Large gap exists between security focus, new tech

Survey reveals security professionals see higher risk from application vulnerabilities, malware, mobile devices and cloud, but do not prioritize manpower in tackling these threats within the enterprise.

Application vulnerabilities, malware and mobile devices rank the highest among security concerns.

Application vulnerabilities, malware and mobile devices rank the highest among organizations' security concerns, yet most do not prioritize tackling potential threats posed by these new technologies, finds a new survey.

Released Monday, the (ISC)² Global Information Security Workforce Study 2013 found that secure software development, more than any other discipline, had the largest gap between risk and response attention given by information security professions.

Application vulnerabilities, malware and mobile devices were ranked the top threat and vulnerability concerns at 69 percent, 67 percent and 66 percent, respectively, noted the report released by (ISC)² and U.S.-based consulting firm, Booz Allen Hamilton. The survey is conducted annually by (ISC)².

However, almost half of organizations surveyed were not involved in software development and did not regard security as among the most important factors when considering an outsourcing provider for software development.

Some 78 percent of respondents also said Bring Your Own Device (BYOD) posed a significant security risk, and 74 percent said new security skills were needed to meet the BYOD challenge. This indicated new skills, deeper knowledge, wide-ranging technologies, and a multi-disciplinary approach were necessary to manage the risks of deploying BYOD and new technologies.

Also, 49 percent viewed cloud-based services as a top or high security concern in 2012, compared to 43 percent in 2011's report. This was due to increased adoption of cloud-based services over the past year, combined with resilient security concerns --real and perceived--associated with cloud-based services.

The security management of these new technologies, however, ranked higher in the sectors of banking, finance and insurance, IT, retail and wholesale, and telecom and media. Due to the nature and operations of these vertical businesses, respondents viewed the threat from cybercriminals higher than the other verticals.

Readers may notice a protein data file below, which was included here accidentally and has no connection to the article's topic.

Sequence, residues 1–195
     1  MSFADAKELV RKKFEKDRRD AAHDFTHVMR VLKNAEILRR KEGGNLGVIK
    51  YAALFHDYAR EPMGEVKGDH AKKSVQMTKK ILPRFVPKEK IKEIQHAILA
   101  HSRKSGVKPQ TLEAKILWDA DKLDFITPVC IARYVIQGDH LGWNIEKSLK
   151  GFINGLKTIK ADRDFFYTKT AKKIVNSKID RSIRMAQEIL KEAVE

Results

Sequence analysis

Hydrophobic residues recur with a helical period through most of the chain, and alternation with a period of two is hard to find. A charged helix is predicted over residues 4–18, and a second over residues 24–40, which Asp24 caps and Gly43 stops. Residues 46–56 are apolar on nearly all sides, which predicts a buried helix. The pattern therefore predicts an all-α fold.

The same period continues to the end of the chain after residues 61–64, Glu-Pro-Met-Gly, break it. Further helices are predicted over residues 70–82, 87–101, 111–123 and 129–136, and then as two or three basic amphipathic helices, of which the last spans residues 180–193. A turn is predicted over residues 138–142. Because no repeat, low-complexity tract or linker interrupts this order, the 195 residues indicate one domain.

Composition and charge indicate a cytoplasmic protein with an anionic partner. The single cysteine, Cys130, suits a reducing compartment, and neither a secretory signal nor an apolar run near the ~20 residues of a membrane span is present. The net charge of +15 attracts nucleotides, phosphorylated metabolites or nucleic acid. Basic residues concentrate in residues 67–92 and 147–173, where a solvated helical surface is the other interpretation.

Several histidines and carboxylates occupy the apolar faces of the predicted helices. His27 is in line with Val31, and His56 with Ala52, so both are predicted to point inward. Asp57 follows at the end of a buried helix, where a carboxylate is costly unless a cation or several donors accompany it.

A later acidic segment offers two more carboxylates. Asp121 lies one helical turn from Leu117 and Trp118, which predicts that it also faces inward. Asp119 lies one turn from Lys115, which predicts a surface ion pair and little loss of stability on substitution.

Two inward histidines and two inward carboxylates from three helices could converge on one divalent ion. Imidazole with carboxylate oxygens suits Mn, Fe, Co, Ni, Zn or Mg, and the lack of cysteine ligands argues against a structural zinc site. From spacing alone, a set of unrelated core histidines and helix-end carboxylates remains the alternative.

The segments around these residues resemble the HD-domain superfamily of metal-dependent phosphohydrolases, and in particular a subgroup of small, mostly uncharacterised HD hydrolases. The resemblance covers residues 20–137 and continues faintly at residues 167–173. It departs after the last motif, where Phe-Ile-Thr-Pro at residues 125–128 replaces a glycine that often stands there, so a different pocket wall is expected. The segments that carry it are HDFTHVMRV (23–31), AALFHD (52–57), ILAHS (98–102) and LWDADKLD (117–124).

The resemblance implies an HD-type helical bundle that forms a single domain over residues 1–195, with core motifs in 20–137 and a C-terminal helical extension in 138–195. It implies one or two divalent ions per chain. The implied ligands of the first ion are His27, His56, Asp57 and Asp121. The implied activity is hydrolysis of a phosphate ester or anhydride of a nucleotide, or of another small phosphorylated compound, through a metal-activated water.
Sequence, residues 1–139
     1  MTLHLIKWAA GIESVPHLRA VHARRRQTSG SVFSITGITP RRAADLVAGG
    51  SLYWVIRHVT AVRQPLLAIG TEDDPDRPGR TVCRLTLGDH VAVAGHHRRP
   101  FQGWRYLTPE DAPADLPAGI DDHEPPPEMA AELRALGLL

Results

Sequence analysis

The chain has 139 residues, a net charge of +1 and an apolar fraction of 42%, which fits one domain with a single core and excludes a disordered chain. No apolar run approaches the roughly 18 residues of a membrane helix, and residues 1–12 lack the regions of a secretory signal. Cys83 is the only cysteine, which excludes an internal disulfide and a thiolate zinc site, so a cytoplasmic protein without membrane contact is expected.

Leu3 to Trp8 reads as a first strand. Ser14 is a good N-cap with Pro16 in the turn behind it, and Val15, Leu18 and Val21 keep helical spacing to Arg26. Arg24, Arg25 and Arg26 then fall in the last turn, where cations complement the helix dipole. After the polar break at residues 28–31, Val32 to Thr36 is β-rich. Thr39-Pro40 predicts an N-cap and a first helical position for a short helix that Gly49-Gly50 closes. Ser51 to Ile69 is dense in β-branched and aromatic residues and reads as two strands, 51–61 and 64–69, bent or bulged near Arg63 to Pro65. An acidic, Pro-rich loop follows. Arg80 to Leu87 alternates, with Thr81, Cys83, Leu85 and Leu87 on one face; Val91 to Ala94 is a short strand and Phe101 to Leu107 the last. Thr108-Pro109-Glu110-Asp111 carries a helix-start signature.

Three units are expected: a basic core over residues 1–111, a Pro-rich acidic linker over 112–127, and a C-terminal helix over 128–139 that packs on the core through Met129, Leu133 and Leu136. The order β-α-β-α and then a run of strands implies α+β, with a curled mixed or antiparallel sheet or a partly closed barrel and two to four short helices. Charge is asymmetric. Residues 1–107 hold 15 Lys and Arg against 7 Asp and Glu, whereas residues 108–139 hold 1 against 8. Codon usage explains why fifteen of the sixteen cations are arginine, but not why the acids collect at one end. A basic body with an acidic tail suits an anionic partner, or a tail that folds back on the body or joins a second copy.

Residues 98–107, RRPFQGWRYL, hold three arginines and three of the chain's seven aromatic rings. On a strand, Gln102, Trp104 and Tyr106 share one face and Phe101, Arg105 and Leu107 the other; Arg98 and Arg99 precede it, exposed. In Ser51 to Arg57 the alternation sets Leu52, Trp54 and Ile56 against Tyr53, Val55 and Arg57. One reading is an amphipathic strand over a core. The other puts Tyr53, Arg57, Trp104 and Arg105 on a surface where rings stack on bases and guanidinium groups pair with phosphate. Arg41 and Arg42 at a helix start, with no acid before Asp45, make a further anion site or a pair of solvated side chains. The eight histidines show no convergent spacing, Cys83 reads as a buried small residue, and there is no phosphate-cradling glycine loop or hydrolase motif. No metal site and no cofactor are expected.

"[There is] need for highly skilled professionals to meet demands of the growing digital enterprise," William Stewart, senior vice president at Booz Allen Hamilton, said in a statement. "It takes a combination of people, process and technology to combat the evolving threat landscape, while [embracing] the opportunities that come with cloud computing, social media and BYOD."

The survey, conducted by Frost & Sullivan in the fourth quarter of 2012, gathered responses from 12,396 information security professionals globally through an online survey, of which 11 percent were from the Asia-Pacific region.

Larger salary gap between certified and non-certified in APAC
The study also found knowledge and certification of knowledge  weighed heavily in job placement and advancement within the IT security industry.

Nearly 70 percent viewed certification as a reliable indicator of competency when hiring. Almost half of hiring companies, at 46 percent, required certifications from the job candidate.

Some 60 percent also planned to acquire certifications in the next 12 months, while the CISSP (Certified Information Systems Security Professionals) remained the top certification in demand.

In Asia-Pacific, the average annual salary for certified professionals within the security industry was US$74,990, which was 56 percent higher than the US$48,011 non-certified professionals earned. This salary difference was higher than the global average of 33 percent, Clayton Jones, managing director of (ISC)² Asia-Pacific, told ZDNet Asia during a phone interview.

He explained that many universities in Asia-Pacific did not have formal or specialized degrees for cybersecurity, compared to other regions such as the United States, hence, resulting in the gap in salaries. "Moving forward, the salary difference between those with credentials and those without will continue to rise," Jones said.